US fractional business aircraft ownership company Flexjet has jumped on the go-public bandwagon, revealing plans to sell public shares by merging with a so-called special purpose acquisition company (SPAC).
Cleveland-based Flexjet intends to merge with already listed firm Horizon Acquisition in the second quarter of 2023, emerging as a public company valued at $2.6 billion, it said on 11 October.
Flexjet says proceeds from the deal will leave it with capital needed to expand in the red-hot business aviation market.
“Transaction proceeds are expected to fund fleet, programme and geographic expansion, as well as significant infrastructure expansion, including maintenance-support facilities and private terminals,” Flexjet says.
Flexjet operates a fractional aircraft ownership business and related enterprises, including an aircraft leasing division. Its fleet includes some 250 aircraft, including Bombardier Challengers, Gulfstream G450s and G650s, and Embraer Phenoms, Legacys and Praetors, according to Cirium fleets data.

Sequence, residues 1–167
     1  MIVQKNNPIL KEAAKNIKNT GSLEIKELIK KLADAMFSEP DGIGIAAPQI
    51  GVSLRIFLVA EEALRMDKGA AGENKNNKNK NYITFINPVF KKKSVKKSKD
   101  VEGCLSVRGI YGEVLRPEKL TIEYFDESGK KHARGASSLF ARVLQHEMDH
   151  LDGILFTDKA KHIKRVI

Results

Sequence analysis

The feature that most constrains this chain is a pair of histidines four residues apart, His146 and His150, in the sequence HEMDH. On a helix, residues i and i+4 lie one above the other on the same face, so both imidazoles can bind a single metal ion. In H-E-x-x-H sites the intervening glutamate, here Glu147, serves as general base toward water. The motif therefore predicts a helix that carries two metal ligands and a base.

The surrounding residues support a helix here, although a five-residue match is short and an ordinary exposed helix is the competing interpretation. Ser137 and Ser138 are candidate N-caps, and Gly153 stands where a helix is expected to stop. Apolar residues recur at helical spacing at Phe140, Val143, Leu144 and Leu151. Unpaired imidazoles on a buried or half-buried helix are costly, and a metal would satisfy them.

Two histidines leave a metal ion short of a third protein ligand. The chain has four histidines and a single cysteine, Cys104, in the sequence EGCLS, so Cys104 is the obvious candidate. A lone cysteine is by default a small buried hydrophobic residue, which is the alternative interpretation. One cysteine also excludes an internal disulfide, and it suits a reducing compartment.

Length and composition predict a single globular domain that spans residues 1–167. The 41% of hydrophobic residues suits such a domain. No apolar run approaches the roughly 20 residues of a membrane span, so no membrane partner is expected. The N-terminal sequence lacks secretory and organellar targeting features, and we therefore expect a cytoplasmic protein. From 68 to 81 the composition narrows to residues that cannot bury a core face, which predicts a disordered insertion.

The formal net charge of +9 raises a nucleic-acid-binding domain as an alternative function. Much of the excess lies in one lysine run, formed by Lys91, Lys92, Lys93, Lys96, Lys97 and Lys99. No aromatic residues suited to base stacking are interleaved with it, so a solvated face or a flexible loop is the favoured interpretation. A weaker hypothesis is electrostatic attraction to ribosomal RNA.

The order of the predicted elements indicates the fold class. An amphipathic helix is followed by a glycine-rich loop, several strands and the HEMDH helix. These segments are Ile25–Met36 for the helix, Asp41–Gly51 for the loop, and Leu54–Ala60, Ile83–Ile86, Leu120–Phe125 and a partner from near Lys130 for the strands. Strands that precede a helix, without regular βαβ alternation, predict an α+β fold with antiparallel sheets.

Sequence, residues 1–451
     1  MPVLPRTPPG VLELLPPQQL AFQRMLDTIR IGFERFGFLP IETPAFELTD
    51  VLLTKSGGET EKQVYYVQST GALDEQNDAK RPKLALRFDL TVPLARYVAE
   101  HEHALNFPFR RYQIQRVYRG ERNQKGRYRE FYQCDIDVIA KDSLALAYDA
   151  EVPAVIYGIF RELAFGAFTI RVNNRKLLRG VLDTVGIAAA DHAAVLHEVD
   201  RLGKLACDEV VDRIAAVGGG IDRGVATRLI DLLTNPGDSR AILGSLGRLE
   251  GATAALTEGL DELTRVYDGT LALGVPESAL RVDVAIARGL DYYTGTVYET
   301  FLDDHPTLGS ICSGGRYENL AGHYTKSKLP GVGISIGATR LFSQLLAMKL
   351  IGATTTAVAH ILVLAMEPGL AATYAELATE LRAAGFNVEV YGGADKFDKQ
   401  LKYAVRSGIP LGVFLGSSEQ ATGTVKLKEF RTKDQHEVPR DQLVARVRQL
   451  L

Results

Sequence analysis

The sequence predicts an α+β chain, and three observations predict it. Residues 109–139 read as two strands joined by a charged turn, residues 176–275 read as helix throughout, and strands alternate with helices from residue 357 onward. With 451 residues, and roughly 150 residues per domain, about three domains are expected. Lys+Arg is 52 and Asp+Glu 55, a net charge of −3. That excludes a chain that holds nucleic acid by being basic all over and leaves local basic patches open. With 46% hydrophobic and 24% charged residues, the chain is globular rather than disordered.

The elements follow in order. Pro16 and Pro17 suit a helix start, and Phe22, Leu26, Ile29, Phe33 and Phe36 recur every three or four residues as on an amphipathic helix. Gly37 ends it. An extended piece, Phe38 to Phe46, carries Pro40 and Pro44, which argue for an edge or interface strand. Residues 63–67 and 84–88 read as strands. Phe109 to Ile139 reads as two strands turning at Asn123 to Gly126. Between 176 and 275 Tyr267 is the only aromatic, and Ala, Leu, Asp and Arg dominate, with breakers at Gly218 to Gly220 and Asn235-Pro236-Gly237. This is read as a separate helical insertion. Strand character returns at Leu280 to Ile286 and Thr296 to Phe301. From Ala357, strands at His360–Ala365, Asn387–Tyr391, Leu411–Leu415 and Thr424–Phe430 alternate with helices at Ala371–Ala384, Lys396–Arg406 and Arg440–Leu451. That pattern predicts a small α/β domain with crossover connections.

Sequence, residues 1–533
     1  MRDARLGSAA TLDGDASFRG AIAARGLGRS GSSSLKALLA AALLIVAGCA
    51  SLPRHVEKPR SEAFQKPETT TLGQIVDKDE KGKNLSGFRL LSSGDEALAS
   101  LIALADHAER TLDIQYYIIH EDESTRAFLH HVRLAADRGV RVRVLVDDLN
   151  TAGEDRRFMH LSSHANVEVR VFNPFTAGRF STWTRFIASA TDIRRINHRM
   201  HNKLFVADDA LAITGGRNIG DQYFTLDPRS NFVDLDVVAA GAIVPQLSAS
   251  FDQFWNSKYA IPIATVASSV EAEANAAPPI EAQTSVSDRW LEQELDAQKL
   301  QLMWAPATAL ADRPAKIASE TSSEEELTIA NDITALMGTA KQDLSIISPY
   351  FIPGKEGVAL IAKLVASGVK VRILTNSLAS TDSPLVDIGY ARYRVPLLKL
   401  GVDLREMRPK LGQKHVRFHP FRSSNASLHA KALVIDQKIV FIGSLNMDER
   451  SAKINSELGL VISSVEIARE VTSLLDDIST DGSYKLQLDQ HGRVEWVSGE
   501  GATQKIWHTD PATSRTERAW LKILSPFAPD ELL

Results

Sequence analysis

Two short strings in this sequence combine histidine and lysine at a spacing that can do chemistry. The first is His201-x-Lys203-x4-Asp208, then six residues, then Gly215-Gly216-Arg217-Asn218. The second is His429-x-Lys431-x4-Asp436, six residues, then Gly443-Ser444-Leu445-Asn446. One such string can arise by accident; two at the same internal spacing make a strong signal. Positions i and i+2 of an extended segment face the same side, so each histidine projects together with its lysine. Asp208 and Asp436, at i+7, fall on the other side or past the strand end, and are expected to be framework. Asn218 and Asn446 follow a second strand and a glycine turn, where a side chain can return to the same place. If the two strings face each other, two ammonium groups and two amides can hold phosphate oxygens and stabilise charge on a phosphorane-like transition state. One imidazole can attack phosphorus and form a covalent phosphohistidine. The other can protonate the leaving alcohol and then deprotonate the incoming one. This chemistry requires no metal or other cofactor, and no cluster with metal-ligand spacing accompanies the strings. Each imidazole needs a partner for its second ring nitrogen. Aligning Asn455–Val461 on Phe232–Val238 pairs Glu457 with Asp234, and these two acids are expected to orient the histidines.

Flexjet turned a $52.9 million profit in 2021, down from $66.2 million in 2020, and anticipates generating $2.3 billion in 2022 revenue, according to an investor report.
The business aviation market has enjoyed unprecedented growth in recent years – a period characterised by broad economic expansion and easy access to cash.
More recently, however, demand for business jets has flattened amid a wide economic slowdown. Nonetheless, Flexjet remains bullish.
“Having capital and currency will position us to expand market share at an accelerated pace in an opportunistic environment,” says Flexjet chair Kenneth Ricci. “We are making this decision at a time when we believe the marketplace is expanding at a more aggressive rate.”
Several aviation companies have gone public in recent years through SPAC mergers. Also known as “blank check companies”, SPACs generally lack operations, existing for the purpose of identifying and bringing public promising private firms.
Notably, Flexjet competitor Wheels Up became public by merging with a SPAC in 2021. Several developers of air taxis – Archer Aviation, Eve Air Mobility, Joby Aviation and Vertical Aerospace – pursued the SPAC route. Indeed, Eve went public through a merger with Zanite Acquisition – a business in which Ricci has a substantial interest.